Running Late

The Indian Railways' sluggish bureaucracy drives filmmakers away

Foreign-produced films such as Slumdog Millionaire must wrangle with a long approval process before they can shoot on Indian trains. {{name}}
01 February, 2016

In the opening sequence of the 2012 film Skyfall, the protagonist, James Bond, loses a fight on top of a moving train and falls into a canyon from a tall railway bridge. While the duel ends badly for Bond, it has worked wonders for Hacikiri village in southern Turkey, home to the grand structure in the scene—the Varda Railway Bridge, built in the Ottoman era. For the past few years, the village has seen a large influx of tourists, who travel to appreciate the bridge.

If not for bureaucratic resistance, that scene—and the resultant spike in tourism—could have taken place in India. Initially, the Skyfall team entered into negotiations with the then railway minister Dinesh Trivedi, hoping to shoot the scene on a railway bridge in Goa. Trivedi, in a Lok Sabha session in June 2014, related the three conditions he had stipulated to the producers: first, that they “would not show that passengers in India travel on roofs of trains”; second, that they would “not compromise with safety during the shoot”; and finally—a request he later claimed to have added in jest—that Daniel Craig, the actor playing Bond, would become a brand ambassador for the railways and say “Indian Railways is stronger than James Bond” as a promotional slogan. The producers accepted the second and third conditions, but not the first. “There will be a scene where James Bond is going to fight on the roof of the train,” Trivedi remembered them saying. “Otherwise, why would we come to India?” The talks fell through. Later, Trivedi told the Lok Sabha that he could not permit the film to “show us in a poor light.”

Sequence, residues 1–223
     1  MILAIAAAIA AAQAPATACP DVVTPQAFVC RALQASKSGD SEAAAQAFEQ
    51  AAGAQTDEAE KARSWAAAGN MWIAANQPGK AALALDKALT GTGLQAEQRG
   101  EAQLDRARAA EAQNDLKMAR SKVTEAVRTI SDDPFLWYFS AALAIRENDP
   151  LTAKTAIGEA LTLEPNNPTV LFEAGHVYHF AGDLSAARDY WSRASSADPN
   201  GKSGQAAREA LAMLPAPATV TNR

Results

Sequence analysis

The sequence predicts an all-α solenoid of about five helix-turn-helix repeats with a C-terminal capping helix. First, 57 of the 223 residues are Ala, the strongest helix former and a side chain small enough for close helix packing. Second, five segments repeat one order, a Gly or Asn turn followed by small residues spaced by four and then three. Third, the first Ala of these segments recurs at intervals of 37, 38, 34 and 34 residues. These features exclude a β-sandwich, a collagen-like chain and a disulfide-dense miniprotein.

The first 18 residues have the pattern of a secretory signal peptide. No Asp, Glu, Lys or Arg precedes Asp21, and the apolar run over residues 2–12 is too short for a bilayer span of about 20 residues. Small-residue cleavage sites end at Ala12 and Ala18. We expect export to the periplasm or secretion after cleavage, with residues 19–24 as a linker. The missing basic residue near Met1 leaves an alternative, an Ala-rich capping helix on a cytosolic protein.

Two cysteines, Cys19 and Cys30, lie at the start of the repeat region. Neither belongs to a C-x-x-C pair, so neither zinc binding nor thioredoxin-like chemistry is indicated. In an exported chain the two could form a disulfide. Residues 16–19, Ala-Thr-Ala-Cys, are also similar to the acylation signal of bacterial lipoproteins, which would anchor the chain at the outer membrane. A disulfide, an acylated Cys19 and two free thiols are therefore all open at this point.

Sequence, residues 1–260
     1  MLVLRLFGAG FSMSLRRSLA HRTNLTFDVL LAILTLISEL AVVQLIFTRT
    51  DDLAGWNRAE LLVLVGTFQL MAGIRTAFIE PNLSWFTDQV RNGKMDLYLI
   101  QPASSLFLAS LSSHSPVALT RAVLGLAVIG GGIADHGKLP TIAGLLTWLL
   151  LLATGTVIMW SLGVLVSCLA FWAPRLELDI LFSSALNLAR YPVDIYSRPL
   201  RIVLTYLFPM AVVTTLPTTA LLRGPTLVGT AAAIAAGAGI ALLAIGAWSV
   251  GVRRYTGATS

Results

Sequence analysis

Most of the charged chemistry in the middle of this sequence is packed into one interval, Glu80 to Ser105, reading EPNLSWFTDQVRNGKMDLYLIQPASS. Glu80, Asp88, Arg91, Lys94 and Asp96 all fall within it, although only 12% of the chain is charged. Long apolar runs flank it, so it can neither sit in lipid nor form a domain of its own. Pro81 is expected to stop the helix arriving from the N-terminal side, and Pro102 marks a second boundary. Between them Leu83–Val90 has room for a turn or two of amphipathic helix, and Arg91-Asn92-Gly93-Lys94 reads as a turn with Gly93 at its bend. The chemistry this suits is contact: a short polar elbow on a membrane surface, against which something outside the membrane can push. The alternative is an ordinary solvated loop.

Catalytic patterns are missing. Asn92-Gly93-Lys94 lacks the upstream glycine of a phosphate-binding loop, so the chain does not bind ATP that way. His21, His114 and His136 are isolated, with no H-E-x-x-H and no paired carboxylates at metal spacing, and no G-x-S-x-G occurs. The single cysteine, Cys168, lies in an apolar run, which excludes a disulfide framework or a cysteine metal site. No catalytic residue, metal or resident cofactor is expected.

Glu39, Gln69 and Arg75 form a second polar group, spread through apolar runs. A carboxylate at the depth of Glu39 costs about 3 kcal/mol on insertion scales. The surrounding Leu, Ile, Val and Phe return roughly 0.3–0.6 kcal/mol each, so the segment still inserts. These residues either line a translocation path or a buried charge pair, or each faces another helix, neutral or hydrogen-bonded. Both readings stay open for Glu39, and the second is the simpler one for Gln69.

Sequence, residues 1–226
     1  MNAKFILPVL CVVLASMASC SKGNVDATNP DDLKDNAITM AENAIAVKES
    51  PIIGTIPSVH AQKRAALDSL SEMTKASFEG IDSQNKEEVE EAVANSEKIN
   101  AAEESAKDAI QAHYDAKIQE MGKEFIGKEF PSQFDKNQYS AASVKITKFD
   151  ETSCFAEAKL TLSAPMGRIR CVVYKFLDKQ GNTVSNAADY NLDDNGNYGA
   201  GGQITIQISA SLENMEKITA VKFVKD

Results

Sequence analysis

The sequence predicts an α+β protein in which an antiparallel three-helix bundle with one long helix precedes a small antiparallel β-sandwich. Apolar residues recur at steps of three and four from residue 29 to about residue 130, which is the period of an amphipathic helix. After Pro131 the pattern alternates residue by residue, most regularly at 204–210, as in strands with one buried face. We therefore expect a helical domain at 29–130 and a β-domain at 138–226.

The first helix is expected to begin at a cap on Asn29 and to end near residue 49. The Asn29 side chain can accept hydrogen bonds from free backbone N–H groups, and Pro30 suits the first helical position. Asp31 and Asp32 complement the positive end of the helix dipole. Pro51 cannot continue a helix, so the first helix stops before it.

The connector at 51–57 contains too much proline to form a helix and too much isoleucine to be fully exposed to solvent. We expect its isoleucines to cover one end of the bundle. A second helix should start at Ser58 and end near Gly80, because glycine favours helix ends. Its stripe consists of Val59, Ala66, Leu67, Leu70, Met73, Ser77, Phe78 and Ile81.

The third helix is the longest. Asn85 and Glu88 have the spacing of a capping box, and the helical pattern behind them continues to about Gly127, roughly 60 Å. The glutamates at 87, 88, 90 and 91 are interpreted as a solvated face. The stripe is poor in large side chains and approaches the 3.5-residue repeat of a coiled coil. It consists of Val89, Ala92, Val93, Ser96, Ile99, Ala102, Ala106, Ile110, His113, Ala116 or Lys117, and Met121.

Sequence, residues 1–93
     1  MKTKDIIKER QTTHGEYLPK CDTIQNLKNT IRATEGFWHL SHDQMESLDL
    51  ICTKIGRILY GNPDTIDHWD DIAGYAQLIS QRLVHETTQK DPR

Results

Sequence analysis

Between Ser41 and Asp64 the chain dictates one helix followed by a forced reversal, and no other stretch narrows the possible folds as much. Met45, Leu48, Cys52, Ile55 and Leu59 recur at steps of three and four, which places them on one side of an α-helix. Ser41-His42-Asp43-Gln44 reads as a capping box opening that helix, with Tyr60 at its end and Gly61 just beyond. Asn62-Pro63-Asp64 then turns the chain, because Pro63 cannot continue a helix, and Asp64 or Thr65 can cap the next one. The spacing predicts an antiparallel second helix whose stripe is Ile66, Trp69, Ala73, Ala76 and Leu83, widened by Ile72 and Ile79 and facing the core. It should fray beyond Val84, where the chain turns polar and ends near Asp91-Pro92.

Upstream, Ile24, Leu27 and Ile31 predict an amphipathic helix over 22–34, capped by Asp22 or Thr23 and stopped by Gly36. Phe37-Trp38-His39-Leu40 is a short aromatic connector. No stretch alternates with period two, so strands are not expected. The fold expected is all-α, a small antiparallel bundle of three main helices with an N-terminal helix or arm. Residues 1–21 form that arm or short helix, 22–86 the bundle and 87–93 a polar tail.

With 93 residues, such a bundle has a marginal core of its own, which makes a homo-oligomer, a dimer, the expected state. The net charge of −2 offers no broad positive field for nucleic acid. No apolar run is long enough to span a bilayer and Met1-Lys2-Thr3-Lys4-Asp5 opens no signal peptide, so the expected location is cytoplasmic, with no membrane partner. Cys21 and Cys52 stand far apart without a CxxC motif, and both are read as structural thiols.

Pravesh Sahni, a producer who worked on obtaining clearances for Skyfall in India for six months before the plans were scrapped, told me that the real barrier to shooting in the country was “the time taken by the government” to process their request to shoot on railway property. And if revenue from film shoots is any indication of how readily the Indian Railways cooperates with filmmakers, the organisation appears to have become even more unbending in the years since Skyfall. Manoj Sinha, the current minister of state for railways, told the Lok Sabha last summer that this income had shrunk by more than half in the preceding three years. In 2012–13 and 2013–14, the railways generated a total of Rs 6.09 and Rs 6.74 crore from film shoots. The following year, they earned only Rs 3.2 crore, and by July of 2015—the month before the Lok Sabha statement was made—that figure stood at a meagre Rs 66 lakh. Despite this decline, the railways have made little effort to create a more hospitable climate for filmmakers.

This problem is not unique to the railways. According to a 2013 report by the LA India Film Council, a lobby group that facilitates collaboration between the Indian and American film industries, foreign producers often require about “70 approvals and licenses from different government authorities” before they can shoot in India. This “bureaucratic red-tape,” the report states, had lost the country “at least 18 big budget foreign movies” in the preceding four years. Sahni, who, in addition to Skyfall, handled production services for films such as Slumdog Millionaire, Life of Pi and The Best Exotic Marigold Hotel, explained that Indian government offices are abnormally slow to approve requests from filmmakers. In this country, “if you want to shoot from a helicopter, it takes six to eight months of clearance,” he said; but, “today, you go to Nepal and you will get the same clearance in 15 days.”